Unseen Platform: How would you define your artistic practice?
Paul Bogaers: I was educated in a range of disciplines, and to a large extent I think this remains recognisable in my work. I’ve always considered a photo as a half-product; I feel the need to do something with it; to draw or paint on it, or to turn it around or upside down. Roughly six years ago I took a decisive step into the three-dimensional domain. It felt like a release. I seemed to have entered an entirely new territory I’d hardly explored before, and one which completely fed my needs.
Could you tell us a little more about your project, The Forest?
This series originates from a collection I started many years ago when I found an old snapshot depicting three women posing in a tree. It was a curious photo, but what triggered me, in particular, was the way these women were sitting as if it were perfectly normal to linger in a tree like that. Later, I stumbled upon more photos of people posing in trees, and I tried to exaggerate certain aspects of these already absurd scenes. I decided, for example, to elongate the tree trunks the people were sitting in, enabling me to raise the scene quite literally above viewers’ heads.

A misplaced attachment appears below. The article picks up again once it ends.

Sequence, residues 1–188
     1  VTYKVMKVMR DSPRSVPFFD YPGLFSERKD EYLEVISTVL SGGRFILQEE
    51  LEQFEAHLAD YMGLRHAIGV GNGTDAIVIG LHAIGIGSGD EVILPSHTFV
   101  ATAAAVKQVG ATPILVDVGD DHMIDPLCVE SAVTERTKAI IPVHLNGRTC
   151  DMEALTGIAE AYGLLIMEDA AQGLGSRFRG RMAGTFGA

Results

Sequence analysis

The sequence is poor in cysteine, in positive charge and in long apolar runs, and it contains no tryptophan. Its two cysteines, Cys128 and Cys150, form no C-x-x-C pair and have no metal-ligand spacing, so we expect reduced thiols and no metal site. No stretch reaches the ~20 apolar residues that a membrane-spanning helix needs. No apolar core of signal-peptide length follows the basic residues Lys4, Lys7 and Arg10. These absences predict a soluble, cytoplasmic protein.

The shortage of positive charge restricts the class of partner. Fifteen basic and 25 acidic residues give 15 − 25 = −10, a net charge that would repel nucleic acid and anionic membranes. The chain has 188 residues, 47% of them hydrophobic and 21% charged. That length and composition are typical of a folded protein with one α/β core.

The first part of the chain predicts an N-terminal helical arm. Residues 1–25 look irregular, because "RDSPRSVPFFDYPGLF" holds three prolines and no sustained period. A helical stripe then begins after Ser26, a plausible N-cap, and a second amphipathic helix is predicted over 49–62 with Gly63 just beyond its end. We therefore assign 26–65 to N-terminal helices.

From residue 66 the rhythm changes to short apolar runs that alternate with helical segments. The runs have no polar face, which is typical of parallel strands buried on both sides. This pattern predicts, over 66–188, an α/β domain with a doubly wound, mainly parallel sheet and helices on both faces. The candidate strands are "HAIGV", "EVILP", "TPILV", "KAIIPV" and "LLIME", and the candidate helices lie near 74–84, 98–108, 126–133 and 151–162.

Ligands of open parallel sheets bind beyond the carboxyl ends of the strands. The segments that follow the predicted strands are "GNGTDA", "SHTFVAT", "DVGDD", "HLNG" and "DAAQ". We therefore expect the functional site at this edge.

I also tried to playfully mitigate the sharp edges of the photographs by extending them with non-photographic materials. The grainy, impressionist tones of the amateur images merge surprisingly well with the crude, hand-made world of paper-mâché, coffee stains and ink splashes. The occasional attachment of real branches to the photographed scenes adds another strange illusionist twist to the work.
What does a typical day look like in your studio?
I’m a collector, so I like to surround myself with things that inspire me. It’s an essential part of my working process, which requires a large reservoir of materials upon which I can draw while working. My sources are everywhere, but never far away. I pick up abandoned objects from the street, whilst a trip to the woods never fails to provide me with branches, animal skulls or other natural materials. When I create, I try to play rather than to think. I need to have my studio brimming with what I call ‘possibilities’.